“Salvini has a welcoming attitude towards our country,” the Russian president said.

Tough financing laws in Italy aimed at stamping out years of corruption have left parties struggling to fill their bank accounts.

An Italian court last year gave the League 75 years to pay back some €49m it owes the state following a trial.

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Hong Kong: Police use water cannon for first time against protesters | World News

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Hong Kong police have used water cannon against anti-government protesters for the first time during a second straight day of demonstrations.

There have been skirmishes between activists and officers following a pro-democracy march in an area known as the New Territories where tens of thousands took to the streets.

A large crowd then attended a rally in a park but another group of protesters took over a main street, putting up barricades with traffic barriers and cones.

Police tried to disperse them by firing tear gas but protesters reacted by throwing bricks and other objects towards the officers.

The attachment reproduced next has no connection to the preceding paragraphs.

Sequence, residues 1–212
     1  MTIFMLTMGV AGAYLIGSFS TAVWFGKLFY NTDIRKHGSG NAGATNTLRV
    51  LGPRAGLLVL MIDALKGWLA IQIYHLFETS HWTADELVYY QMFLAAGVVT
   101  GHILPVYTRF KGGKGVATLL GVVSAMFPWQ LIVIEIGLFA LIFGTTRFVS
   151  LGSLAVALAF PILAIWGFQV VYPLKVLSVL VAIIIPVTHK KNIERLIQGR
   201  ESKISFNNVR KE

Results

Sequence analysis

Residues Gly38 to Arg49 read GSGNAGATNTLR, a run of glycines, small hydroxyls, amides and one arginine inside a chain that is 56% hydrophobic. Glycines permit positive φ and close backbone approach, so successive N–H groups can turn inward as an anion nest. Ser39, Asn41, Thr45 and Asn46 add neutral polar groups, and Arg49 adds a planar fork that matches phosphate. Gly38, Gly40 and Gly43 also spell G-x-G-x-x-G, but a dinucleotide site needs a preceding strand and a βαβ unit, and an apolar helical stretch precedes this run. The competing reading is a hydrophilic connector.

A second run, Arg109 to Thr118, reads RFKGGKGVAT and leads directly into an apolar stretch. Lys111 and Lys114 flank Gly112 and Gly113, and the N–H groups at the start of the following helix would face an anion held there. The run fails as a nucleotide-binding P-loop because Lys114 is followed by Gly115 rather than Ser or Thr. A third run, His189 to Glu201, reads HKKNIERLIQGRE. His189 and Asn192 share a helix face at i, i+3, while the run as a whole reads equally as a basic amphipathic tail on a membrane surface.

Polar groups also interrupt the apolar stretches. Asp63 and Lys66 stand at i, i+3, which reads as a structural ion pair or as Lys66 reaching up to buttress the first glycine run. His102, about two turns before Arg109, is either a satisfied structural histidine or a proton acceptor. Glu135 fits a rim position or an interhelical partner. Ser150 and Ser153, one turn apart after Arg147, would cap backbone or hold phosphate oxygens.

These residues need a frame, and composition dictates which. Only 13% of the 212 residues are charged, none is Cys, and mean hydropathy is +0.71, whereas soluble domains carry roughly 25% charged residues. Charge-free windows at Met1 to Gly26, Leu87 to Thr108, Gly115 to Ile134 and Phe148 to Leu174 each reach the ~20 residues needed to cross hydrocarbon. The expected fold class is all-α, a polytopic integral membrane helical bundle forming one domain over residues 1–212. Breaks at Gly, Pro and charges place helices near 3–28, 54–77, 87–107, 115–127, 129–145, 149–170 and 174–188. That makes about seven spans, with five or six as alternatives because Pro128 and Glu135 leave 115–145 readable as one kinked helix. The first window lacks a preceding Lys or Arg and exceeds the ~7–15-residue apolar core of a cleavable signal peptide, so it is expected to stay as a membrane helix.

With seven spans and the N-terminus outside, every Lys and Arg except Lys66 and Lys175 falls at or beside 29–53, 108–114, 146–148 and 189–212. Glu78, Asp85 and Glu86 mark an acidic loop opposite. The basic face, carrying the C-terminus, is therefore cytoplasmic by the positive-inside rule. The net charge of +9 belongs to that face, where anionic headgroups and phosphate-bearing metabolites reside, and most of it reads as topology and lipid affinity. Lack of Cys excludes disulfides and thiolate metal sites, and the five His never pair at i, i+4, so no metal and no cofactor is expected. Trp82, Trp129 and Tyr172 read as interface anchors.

The violence came a day after similar clashes in the Kowloon Bay district where authorities arrested 29 people for offences including unlawful assembly, possession of offensive weapons and assaulting police officers.

According to the South China Morning Post, the custom-built French trucks have 15 high-pressure cannons.

Two cannons on the roof can fire more than 1,200 litres of water a minute over a distance of 50 metres. The water can be mixed with tear gas or liquid dye as well.

According to guidelines, the cannons should only be aimed at the lower limbs of the protesters.

An assistant commissioner of police overseeing operations is allowed to authorise deployment of the water cannon after assessing threats.